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No spin training in the US?



 
 
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  #31  
Old April 3rd 05, 08:57 PM
C J Campbell
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"Mark Morissette" wrote in message
...
What's eveyrones opinion regarding the lack of spin traning for
students in the US? I see that there was a thread about this from an
instructor viewpoint a while back, but not necessarilly from the
student viewpoint.


Spin training died with the publication of "Stick and Rudder" by
Langewiesche. It took a few years, but death was inevitable. When this book
became widely accepted, with its emphasis on training in stall avoidance and
its calls for aircraft designs that would not stall, let alone spin, people
became convinced that spin training was both dangerous and unnecessary. Even
rudder pedals would become anachronisms and airplanes would no longer even
be capable of uncoordinated flight. After all, why teach pilots how to
recover from spins when airplanes of the future won't spin?


  #32  
Old April 3rd 05, 09:11 PM
C J Campbell
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"houstondan" wrote in message
oups.com...
general to the group: in spin training, what seems to have been been
the most popular way to screw up?


Well, maybe not the most popular, but there are also odd things that can go
wrong:

A guy practicing spins in his Citabria down in Borrego Springs managed to
get a loose seatbelt in the empty seat wrapped around the control stick. He
chose to join the Caterpillar Club rather than ride his airplane down (wise
choice).

An instructor and his student in Canada managed to jam the rudder on a
Cessna 152 when a maintenance man made undocumented modifications to the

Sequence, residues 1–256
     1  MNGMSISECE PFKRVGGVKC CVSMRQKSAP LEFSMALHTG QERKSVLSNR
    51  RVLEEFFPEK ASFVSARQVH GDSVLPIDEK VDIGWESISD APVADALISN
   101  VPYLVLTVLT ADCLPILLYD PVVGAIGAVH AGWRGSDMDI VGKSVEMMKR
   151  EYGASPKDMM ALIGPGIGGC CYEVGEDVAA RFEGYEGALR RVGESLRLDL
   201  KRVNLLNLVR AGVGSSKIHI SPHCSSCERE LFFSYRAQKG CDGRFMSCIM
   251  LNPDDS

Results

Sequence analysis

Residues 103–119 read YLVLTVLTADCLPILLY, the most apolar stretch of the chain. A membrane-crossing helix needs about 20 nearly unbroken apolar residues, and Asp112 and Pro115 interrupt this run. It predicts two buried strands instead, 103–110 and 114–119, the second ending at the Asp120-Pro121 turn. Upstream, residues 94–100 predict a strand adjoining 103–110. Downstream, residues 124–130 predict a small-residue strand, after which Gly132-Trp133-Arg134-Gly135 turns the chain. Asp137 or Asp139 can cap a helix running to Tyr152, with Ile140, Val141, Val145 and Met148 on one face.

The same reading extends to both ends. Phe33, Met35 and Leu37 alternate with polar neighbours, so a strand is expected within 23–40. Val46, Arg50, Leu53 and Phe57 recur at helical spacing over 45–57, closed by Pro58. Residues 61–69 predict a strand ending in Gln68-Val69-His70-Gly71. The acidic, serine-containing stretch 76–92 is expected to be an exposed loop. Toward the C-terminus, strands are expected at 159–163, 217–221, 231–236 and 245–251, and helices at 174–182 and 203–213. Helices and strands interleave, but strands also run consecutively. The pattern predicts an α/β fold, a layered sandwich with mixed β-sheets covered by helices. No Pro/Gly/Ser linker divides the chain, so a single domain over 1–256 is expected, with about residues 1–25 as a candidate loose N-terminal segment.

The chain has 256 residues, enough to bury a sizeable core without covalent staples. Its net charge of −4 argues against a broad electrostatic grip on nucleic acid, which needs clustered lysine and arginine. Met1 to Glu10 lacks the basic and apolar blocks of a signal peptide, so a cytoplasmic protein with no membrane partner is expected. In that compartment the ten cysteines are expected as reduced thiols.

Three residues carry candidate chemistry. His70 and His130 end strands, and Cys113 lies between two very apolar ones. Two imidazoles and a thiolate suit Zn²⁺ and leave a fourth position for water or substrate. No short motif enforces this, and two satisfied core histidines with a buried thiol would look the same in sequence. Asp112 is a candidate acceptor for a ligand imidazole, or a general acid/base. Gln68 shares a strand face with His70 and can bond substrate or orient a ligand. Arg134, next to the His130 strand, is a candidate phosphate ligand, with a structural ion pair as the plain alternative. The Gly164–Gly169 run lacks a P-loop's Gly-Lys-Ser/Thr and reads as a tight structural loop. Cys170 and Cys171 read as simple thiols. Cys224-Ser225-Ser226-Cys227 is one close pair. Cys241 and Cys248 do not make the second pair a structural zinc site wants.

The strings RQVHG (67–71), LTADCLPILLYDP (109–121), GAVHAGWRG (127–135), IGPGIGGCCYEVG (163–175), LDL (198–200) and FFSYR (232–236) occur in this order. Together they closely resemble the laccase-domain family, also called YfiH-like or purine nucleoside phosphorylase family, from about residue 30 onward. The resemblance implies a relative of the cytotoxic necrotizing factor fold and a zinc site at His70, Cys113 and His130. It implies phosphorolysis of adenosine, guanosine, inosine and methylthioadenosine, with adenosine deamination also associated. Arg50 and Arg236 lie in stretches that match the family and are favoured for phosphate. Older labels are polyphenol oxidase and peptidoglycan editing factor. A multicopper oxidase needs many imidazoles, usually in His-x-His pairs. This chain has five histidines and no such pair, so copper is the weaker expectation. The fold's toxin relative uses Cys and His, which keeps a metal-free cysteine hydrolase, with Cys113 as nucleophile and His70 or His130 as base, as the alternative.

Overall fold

rudder. Attempts to un-jam it just made it worse. They landed in a lake.
They both survived the initial landing, but the instructor got tangled in
his seat belt and drowned.


  #33  
Old April 3rd 05, 09:32 PM
Jeff Gostin
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C J Campbell wrote:

After all, why teach pilots how to recover from spins when airplanes
of the future won't spin?


My perspective is one of a student pilot, so I'll happily defer to those
who know more than I do on the topic if it turns out that I'm looking at
this the wrong way. With that said, it seems counterintuitive to not to
perform spin recovery during training for the Private. We spend so much
time and effort learning, drilling, and become proficient at all sorts
of "non-optimal" flying situations (stalls, unusual attitudes, BAI,
engine out, etc etc) that not doing spins seems like a glaring omission.
Should we be trained to recognize the factors that lead to a spin?
Absolutely (we are). Should we be taught how to recover from spins?
Absolutely (we are).

Should we be required to demonstrate that knowledge during the
checkride? Well, that's a call for the FAA, but I believe we should at
least have to earn an endorsement that says we've demonstrated
proficiency during our training. After all, we have to earn a solo
endorsement. Why not a spin endorsement, too? I feel strongly enough
about this that I'll be seeking spin training post-ticket. If it'll help
me become a safer, more knowledgeable, more competent pilot, it's worth
the money. Why would *anyone* want their first experience with
*demonstrated* spin recovery to be when they *need* it? That seems to be
a dangerous gambit. Do I plan on getting into spins routinely? Heck no!!
But, we don't train exclusively for the routine. We train for the
exceptions, too.

As a related question: Does anyone know if the post-ticket fatalities
caused by spins have changed at all since the FAA removed demonstrating
them from the PTS?

Anyway, that's my $.02 on the topic. I'm quite happy to stand corrected